When and where do hurricanes occur?
- In the Caribbean, the hurricane season normally runs from June to November, with on average 8 to 15 storms per season.
- In the Pacific/South East Asia region, the tropical cyclone season normally runs from May to November, with on average 15 to 20 storms per season.
- In the South Pacific and Australia, the tropical cyclone season normally runs from November to April, with on average 10 to 20 storms per season.
Tropical cyclones also occur in and around northern India, normally from April to June and September to November, and also the East Coast of Africa, normally between November and April.
What is the difference between a hurricane, typhoon, or tropical cyclone?
There is no difference. The terms "hurricane" and "typhoon" are regionally specific names for a strong "tropical cyclone".
Tropical cyclones with maximum sustained surface winds of less than 34 knots (39mph) are called "tropical depressions". Once the tropical cyclone reaches winds of more than 34 knots they are called a "tropical storm" and assigned a name. If winds reach 64 knots (74mph) then they are designated either a hurricane, typhoon, severe tropical cyclone, severe cyclonic storm or tropical cyclone depending where it the world it occurs.
How are hurricanes ranked?
The USA uses the Saffir-Simpson hurricane intensity scale to estimate the potential flooding and damage given a hurricane's estimated intensity. This ranges from 1 (Minimal) to 5 (Catastrophic). For more details about these ranges see: http://www.nhc.noaa.gov/aboutsshs.shtml
The effects of a hurricane
Hurricanes can cause massive amounts of damage and kill many people. 2004 and 2005 saw a sharp increase in both the numbers and the force of hurricanes in the Atlantic/Caribbean region. 2006 was relatively quiet in the Atlantic/Caribbean region, but there were still nine named tropical storms or hurricanes. On 19 June 2007 the Met Office stated that there was a 70% chance that between seven and thirteen named tropical storms or hurricanes will affect the Atlantic/Caribbean region in 2007, with ten being the most likely number.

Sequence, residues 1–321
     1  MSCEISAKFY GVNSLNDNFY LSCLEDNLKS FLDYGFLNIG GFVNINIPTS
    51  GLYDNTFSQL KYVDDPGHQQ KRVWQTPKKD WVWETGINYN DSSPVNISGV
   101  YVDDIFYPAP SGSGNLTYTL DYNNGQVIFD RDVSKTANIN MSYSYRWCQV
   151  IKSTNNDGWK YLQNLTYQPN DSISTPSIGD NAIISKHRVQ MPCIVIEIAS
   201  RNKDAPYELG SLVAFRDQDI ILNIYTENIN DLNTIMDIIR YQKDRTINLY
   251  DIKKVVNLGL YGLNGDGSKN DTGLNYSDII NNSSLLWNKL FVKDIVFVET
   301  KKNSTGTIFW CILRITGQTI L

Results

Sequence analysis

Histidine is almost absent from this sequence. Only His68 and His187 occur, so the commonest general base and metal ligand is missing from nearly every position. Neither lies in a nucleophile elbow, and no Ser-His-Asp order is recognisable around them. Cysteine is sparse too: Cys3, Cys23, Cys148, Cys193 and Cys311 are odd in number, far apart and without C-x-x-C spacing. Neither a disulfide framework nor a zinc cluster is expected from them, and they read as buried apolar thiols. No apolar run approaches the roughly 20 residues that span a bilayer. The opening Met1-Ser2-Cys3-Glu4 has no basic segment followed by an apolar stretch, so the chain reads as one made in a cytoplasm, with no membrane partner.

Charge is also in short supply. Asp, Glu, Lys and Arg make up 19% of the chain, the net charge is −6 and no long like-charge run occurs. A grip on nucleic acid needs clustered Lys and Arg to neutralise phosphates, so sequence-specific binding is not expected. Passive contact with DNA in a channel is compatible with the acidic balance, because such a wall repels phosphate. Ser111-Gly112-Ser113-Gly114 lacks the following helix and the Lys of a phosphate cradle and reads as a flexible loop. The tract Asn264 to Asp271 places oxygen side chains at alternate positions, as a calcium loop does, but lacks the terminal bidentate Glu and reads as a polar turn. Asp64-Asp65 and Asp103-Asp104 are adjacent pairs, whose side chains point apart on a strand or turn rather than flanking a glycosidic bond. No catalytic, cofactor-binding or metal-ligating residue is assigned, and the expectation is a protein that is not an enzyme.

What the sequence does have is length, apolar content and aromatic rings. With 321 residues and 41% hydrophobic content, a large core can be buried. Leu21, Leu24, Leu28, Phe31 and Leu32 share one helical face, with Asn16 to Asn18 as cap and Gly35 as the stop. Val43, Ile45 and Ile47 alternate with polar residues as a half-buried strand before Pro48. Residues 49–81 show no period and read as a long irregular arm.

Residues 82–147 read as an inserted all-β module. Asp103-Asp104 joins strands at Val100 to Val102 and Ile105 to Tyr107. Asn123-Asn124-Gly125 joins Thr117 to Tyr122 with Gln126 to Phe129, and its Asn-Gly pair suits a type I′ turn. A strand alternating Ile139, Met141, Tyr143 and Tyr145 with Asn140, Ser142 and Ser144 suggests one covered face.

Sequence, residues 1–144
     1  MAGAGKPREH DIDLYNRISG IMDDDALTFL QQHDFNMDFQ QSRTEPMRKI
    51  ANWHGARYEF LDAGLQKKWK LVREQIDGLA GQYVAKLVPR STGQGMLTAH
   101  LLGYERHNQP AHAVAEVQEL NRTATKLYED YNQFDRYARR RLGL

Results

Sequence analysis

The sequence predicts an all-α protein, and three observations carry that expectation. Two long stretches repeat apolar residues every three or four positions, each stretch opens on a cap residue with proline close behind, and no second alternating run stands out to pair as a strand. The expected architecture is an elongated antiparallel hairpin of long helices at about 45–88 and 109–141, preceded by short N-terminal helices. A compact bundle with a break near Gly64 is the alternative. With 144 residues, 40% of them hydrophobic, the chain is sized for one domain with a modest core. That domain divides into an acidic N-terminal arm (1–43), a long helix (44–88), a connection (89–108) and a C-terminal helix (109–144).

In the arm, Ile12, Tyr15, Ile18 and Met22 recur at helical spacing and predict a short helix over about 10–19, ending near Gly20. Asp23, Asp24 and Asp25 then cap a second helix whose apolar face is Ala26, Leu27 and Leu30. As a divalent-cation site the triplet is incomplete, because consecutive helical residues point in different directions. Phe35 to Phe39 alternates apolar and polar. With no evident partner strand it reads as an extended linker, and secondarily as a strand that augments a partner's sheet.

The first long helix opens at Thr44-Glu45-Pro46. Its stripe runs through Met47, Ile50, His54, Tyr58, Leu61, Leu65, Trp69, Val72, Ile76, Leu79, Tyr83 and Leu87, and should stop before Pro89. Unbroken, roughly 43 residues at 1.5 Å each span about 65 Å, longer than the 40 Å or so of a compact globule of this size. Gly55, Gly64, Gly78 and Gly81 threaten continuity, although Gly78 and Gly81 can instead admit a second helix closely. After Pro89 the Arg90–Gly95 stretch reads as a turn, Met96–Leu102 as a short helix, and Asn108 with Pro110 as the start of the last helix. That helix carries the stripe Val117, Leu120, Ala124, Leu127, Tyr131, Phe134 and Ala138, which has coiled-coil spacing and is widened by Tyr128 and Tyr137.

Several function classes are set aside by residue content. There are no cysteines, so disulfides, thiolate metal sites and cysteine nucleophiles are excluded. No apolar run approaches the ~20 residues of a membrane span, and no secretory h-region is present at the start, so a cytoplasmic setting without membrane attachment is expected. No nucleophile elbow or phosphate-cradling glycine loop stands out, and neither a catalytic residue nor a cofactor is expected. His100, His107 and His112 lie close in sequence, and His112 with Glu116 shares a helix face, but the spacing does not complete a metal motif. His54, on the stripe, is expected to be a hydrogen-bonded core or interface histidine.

The most violent hurricanes to affect the Atlantic/Caribbean region in 2004 and 2005 were Ivan, Stan, Katrina and Wilma. They all wreaked widespread havoc, caused billions of pounds in damage to infrastructure and resulted in hundreds of fatalities. Many British holidaymakers in the region were caught up in the disasters, and some British nationals were killed and seriously injured.
Hurricanes in the Atlantic/Caribbean region can strike the northern coasts of South American countries, through Central America including Mexico, Guatemala and Belize, and northwards through the southern states of the USA. Florida, Louisiana and Texas have all suffered badly from hurricanes in the last two years. Any island in the Caribbean can be seriously affected during the hurricane season.
What should I do?
If you are in a hurricane region during the hurricane season, you should monitor local radio and other media outlets to keep abreast of any developments in your area. You should also keep in close touch with your travel/tour operator. You should also be aware that following a hurricane, there may be widespread damage to the infrastructure of the country you are visiting. Past experience has shown that it can take some time for airports to re-open, and there may be serious shortages of habitable accommodation, food and water, and health facilities. Our ability to help British nationals may be limited (perhaps severely) in such circumstances.
Although it is difficult to predict accurately where and when a hurricane can strike, as they often veer off-course when nearing land, you should follow local advice which in some cases may be to leave the immediate area if a hurricane is heading your way. Airports in the affected areas may shut down as the hurricane approaches and hotels may also close. Some local governments may maintain emergency shelters for those rendered homeless by a hurricane, but these are primarily designed for the protection of the local population and conditions are likely to be very basic. Further information on hurricanes and other tropical storms is available on the following websites:
National Hurricane Centre
Federal Emergency Management Agency
|National Hurricane Centre|
|Federal Emergency Management Agency|